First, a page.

TCP/IP works basically in four layers but sometimes it works in five layers.. WHY?

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TCP/IP consists of four layers: link, IP, transport, and application layers. The OSI model consists of 5 layers. So, where is this question coming from? Observation, or just what...?

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srry bout that sdtechi

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It provides applications services to users and programs

commented: first read and then reply +0

TCP/IP consists of four layers: link, IP, transport, and application layers. The OSI model consists of 5 layers. So, where is this question coming from? Observation, or just what...?

OSI model 7 layers
Application, presentation, session, transport, network, datalink, physical

Tcp/ip 4 layers
Application, transport, network, datalink

Some of the sytems(like cisco) use 4 layers for tcp/ip but some of them use 5 layers (Application, transport, network, datalink, physical). It totally depends upon the protocol developed by the system.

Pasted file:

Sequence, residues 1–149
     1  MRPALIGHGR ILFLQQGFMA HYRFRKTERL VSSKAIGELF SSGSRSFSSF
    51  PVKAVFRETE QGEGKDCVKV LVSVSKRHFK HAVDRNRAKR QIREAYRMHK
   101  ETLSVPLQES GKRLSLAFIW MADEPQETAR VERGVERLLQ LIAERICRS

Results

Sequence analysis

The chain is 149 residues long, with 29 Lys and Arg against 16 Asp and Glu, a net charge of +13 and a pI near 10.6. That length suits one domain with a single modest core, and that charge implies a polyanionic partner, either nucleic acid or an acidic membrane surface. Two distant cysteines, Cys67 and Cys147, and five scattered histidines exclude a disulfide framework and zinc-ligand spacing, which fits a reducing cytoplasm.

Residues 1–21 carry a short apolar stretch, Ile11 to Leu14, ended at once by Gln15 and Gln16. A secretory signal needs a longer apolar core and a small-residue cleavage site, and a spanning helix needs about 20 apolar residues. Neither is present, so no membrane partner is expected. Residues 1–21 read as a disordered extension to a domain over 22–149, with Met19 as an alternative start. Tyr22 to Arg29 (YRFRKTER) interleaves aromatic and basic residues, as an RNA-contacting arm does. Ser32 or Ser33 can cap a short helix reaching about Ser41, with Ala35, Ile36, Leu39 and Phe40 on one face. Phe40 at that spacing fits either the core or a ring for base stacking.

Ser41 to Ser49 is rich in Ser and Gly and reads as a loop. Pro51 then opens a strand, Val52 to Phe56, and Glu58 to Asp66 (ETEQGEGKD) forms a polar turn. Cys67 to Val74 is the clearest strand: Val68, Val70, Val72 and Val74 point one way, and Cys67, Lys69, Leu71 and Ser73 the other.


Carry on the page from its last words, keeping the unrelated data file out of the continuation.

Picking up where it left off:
http://en.wikipedia.org/wiki/Internet_protocol_suite#Layer_names_and_number_of_layers_in_the_literature

rubberman you don't have any idea about networking..so just stop replying.

@sdtechi :-) Thanks for the correction. Senior moments, brain farts! You are 100% correct about the 7 layers of the OSI model. But 5 layers are so much simpler! :lol:

And remember that old saw about "standards" - the nice thing is that there are so many!

commented: OSI is a standard model and it has 7 layers. Which is taken worldwide..As i say before you just don't talk anything about networking.. shut your mouth +0
commented: sdtechi leave him alone! +2

srry bout that sdtechi

commented: A kind criticism works so much better than nasty ones! :-) Thanks for your support. +13

@sdtechi - regarding your comment about rubberman. First, you come across as being very rude and arrogant. Second, I guarantee you that rubberman has a lot more knowledge about networking that you do and I don't even know him personally.

If you understood that these models are purely conceptual, you wouldn't be asking these questions. The number of layers isn't really that important. The idea behind the models are to illustrate where and how protocols are related to one another in the TCP/IP communication process. The layers also provide a way to organize similar protocols that perform a similar service.

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